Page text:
(Recasts with six killed, adds details, quotes and background throughout)
By Gul Yousufzai
QUETTA, Pakistan, Aug 14 (Reuters) - Six militants were killed and 13 members of the Pakistani security forces were wounded in attacks on two air force bases in the strategic west Pakistan city of Quetta on Thursday, officials said.
While the attackers did not get inside either facility, the raids marked the third time since June Pakistani airports had been targeted and will raise more questions about how secure such facilities are.
There was no immediate claim of responsibility for Thursday night's attacks but the Pakistani Taliban said they had carried out the two previous raids. Pakistan's military is fighting an offensive against the Taliban insurgency in the remote, largely lawless region of North Waziristan on the Afghanistan border.
Police said three attackers were killed at the Samungi air force base, which shares a runway with the civilian airport in Quetta, a strategic city that has long been used by both the Afghan and Pakistani Taliban.
Another three were killed at Khalid air force base, said provincial Inspector General, Muhammad Amlish.
Residents near Samungli air force base heard at least eight blasts and gunfire that continued for around half an hour. Helicopters also buzzed overhead, they said.
Amlish said two suicide bombers blew themselves up at Samungli in an effort to get inside. He said residents had alerted police to a suspect vehicle near the Khalid air base.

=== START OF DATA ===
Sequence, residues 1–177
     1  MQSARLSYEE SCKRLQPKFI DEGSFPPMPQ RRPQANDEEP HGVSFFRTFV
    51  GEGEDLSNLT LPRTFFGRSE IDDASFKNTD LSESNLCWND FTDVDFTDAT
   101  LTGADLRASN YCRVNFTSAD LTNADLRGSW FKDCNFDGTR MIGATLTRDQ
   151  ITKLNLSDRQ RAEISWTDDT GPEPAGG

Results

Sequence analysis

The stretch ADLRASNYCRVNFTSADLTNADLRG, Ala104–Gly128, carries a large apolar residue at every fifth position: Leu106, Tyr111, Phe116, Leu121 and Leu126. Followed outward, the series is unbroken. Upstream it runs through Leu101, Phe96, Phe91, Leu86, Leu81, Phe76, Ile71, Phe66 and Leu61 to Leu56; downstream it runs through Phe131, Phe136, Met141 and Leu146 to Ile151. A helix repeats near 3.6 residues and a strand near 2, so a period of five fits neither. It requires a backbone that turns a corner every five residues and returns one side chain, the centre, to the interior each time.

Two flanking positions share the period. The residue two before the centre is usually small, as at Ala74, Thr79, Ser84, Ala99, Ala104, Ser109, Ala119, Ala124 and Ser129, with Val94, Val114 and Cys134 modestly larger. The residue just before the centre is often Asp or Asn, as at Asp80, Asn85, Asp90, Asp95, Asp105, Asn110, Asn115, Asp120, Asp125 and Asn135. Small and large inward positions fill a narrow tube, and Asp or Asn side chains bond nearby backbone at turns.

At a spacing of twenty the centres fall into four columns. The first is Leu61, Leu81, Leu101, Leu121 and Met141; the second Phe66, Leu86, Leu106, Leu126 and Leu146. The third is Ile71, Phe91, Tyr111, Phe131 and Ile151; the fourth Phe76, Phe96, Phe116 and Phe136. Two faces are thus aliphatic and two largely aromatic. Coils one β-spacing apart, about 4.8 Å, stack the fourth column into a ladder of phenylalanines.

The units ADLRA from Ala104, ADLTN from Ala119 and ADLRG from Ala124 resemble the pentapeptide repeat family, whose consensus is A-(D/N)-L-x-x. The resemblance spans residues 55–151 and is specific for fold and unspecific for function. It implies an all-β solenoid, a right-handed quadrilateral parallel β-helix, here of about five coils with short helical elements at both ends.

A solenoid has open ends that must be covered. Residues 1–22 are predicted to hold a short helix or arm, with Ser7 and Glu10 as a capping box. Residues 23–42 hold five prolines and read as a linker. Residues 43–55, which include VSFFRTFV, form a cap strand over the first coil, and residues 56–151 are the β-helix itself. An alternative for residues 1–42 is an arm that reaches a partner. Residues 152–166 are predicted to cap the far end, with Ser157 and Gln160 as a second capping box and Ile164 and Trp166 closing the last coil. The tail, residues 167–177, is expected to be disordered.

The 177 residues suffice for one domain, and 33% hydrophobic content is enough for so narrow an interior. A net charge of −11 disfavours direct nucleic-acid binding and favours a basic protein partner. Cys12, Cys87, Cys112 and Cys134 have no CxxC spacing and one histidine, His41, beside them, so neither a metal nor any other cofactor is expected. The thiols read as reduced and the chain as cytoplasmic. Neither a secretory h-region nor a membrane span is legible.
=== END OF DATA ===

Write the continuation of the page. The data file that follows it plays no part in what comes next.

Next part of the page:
Four bombs were defused there, said Sarfraz Bugti, home minister in the provincial government of Baluchistan.
"The situation is under control. No terrorists succeeded in entering the air base or Quetta airport," said Amlish.
In June, a Taliban attack killed 30 people at the airport in Karachi, the southern city that is home to 18 million people.
That attack followed months of faltering peace talks between the government and the Taliban. The Taliban had refused to renounce violence while the talks were underway.
Days after the Karachi airport attack, the military launched its long-awaited offensive in North Waziristan, a region considered the Taliban's major stronghold. Pakistan's allies, including the United States, had long urged the military to move against Taliban havens there.
The same month, militants fired on a plane landing in Peshawar, a provincial capital in the northwest, killing one woman passenger and narrowly missing the pilot. Peshawar airport was also attacked in 2012, when nine people were killed.
In 2012, nine people were killed in an attack on an air force base in the northern city of Kamra.
Pakistan's government and military are fighting a home-grown insurgency but Quetta has also long been a stronghold for the Afghan Taliban. The leadership of the Afghan Taliban fled to the city after their government was toppled by U.S.-backed Afghan forces in late 2001.
More recently, the attention of Pakistani security agencies has been focused on two large anti-government protests that are due to reach the capital on Friday.
Opposition politician Imran Khan and cleric Tahir ul-Qadri have said they want to force the government to step down and will camp out in the streets of the capital until it does so. (Writing by Katharine Houreld; Editing by Paul Tait)